The Bell 206B JetRanger III can achieve
a maximum rate of climb of about 1,300
feet per minute at sea level under standard weather conditions. The aircraft’s
best rate-of-climb airspeed is 52 kts.
However, 60 kts is a good climb speed
because it’s also the speed to use for
autorotation if the engine fails.
For a normal climb, adjust the collective
(use the joystick throttle, or press F3)
for a torque setting about 10 percent
Aircraft Handbook | 25
BELL
above that required to maintain a hover
in ground effect.
Under standard conditions and at typical
operating weights, you’ll need 80 to 85
percent torque for a normal climb. Use
the cyclic (the joystick or the ARROW
keys) to set a pitch attitude that maintains an airspeed of about 60 kts.
Note that as you climb, the engine
produces less power. As a rule of thumb,
expect torque to drop 3 percent per
1,000 ft (305 m) of altitude gained.
Monitor the engine instruments and
smoothly add collective to maintain climb
power as your altitude increases.
Keep the following considerations in mind
as you climb:
Use the collective to control power
and the rate of the climb.
Monitor engine instruments closely
to ensure that you stay within
operating limits.
Maintain attitude (thus airspeed) by
looking out to the horizon. Focusing
on a point too close to the nose
makes it difficult to maintain the
proper aircraft attitude.
Use the cyclic to control airspeed (and
the helicopter’s attitude) and the antitorque pedals to maintain heading or
to establish a crab angle as necessary
to fly a constant ground track.
Use the anti-torque pedals to maintain
trim (coordinated flight). A slip or skid
severely degrades climb performance.
To level off from a climb, start decreasing collective about 50 ft (15 m) below
the altitude at which you want to level off.
Add right anti-torque pedal as you decrease torque to the cruise setting
(about 80 percent torque). Use the cyclic
to maintain cruising airspeed. Apply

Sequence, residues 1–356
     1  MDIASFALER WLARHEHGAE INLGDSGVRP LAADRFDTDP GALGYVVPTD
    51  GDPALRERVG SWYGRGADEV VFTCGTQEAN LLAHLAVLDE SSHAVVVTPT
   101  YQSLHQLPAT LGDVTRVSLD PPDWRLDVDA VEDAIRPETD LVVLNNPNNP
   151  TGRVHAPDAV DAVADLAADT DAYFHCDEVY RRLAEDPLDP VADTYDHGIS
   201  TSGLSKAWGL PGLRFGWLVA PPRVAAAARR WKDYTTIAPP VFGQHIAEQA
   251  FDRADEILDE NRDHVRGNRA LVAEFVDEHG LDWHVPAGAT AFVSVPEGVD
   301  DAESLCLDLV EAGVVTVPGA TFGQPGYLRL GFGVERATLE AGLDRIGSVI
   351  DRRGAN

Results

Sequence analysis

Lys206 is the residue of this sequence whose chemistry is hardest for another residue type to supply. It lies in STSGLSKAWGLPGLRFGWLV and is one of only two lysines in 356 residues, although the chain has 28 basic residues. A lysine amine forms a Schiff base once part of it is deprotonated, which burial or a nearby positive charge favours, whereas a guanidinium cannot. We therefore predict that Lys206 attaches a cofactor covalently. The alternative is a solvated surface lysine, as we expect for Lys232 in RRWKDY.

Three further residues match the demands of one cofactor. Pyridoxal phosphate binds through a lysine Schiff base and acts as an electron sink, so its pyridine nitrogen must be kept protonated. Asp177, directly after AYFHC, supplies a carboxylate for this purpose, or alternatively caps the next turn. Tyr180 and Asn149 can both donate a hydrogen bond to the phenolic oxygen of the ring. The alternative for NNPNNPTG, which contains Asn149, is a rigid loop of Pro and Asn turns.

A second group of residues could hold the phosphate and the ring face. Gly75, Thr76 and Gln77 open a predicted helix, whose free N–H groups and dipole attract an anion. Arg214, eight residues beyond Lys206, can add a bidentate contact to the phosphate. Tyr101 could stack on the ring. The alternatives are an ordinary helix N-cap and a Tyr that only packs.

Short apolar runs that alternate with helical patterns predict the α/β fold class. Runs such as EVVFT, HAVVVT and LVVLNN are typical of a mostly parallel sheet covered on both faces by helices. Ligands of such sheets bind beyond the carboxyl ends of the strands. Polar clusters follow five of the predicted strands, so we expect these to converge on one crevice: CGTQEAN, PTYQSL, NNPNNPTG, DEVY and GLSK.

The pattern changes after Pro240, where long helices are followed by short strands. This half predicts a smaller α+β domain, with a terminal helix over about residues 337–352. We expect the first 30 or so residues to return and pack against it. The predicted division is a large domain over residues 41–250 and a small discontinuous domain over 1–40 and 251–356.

forward cyclic to increase speed and aft
cyclic to slow down.
Cruise
Under typical conditions, you should set
the collective to 80 percent torque for
efficient cruising flight. At this power
setting, 5 percent below the maximumallowed continuous power setting, the
Bell 206B JetRanger III typically cruises
at about 105 kts while burning 25 to 28
gallons of fuel per hour (94 to 106 liters
per hour.)
Aircraft Handbook | 26
BELL
To maintain the desired track over the
ground, use the anti-torque pedals to
turn the helicopter into the wind and
establish the correct crab angle.
To turn, use the cyclic to bank
the helicopter.
Use the anti-torque pedals to keep the
helicopter in trim—that is, in coordinated
flight. If the inclinometer in the turn
coordinator shows a slip or a skid, apply
left or right pedal pressure as necessary
to center the ball.
Descent
To descend at a comfortable rate
without building too much speed, you
must decrease main rotor pitch by
lowering the collective (use the joystick
throttle, or press F2). Anticipate the
need for the right anti-torque pedal as
you decrease torque.
The nose drops as you lower collective,
so remember that you’ll need to add a
little aft cyclic (pull the joystick aft, or
press the DOWN ARROW) to maintain
the correct pitch attitude and airspeed.
Don’t add too much aft cyclic, however:
the aircraft will climb.
Note that as you descend, the engine
produces more power. As a rule of
thumb, expect torque to increase 3
percent per 1,000 ft (305 m) of descent. Monitor the engine instruments
and smoothly reduce collective to
continue your descent.
To level off from a descent, start increasing collective about 50 ft (15 m) above
the altitude at which you want to level off.
Add left anti-torque pedal as you increase
torque to the cruise setting (about 80
percent torque). Use the cyclic to maintain cruising airspeed. Apply forward
cyclic to increase speed and aft cyclic
to slow down.
Approach
Approaches in a helicopter have more
to do with local traffic and terrain than
a need to be at a target speed and
configuration. Enter the airport traffic
area in a safe manner that avoids
obstacles, and follow the landing
procedures as described.
Landing
To land the JetRanger III, reverse the
procedure for a normal takeoff. That is,
fly an approach from a 500-ft (150 m)
Aircraft Handbook | 27
BELL
traffic pattern, enter a hover at about
3 ft (1 m) above the ground, and then
slowly and smoothly lower the aircraft
to the ground.
Following this procedure helps you
establish good habits and makes it easier
to achieve smooth, consistent landings.
Review the Landing checklist on
the Kneeboard.
Fly a modified traffic pattern that avoids
the flow of fixed-wing traffic.
During the first half of the approach,
decrease power by lowering the collective
(use the joystick throttle, or press F2).
During the second half of the approach,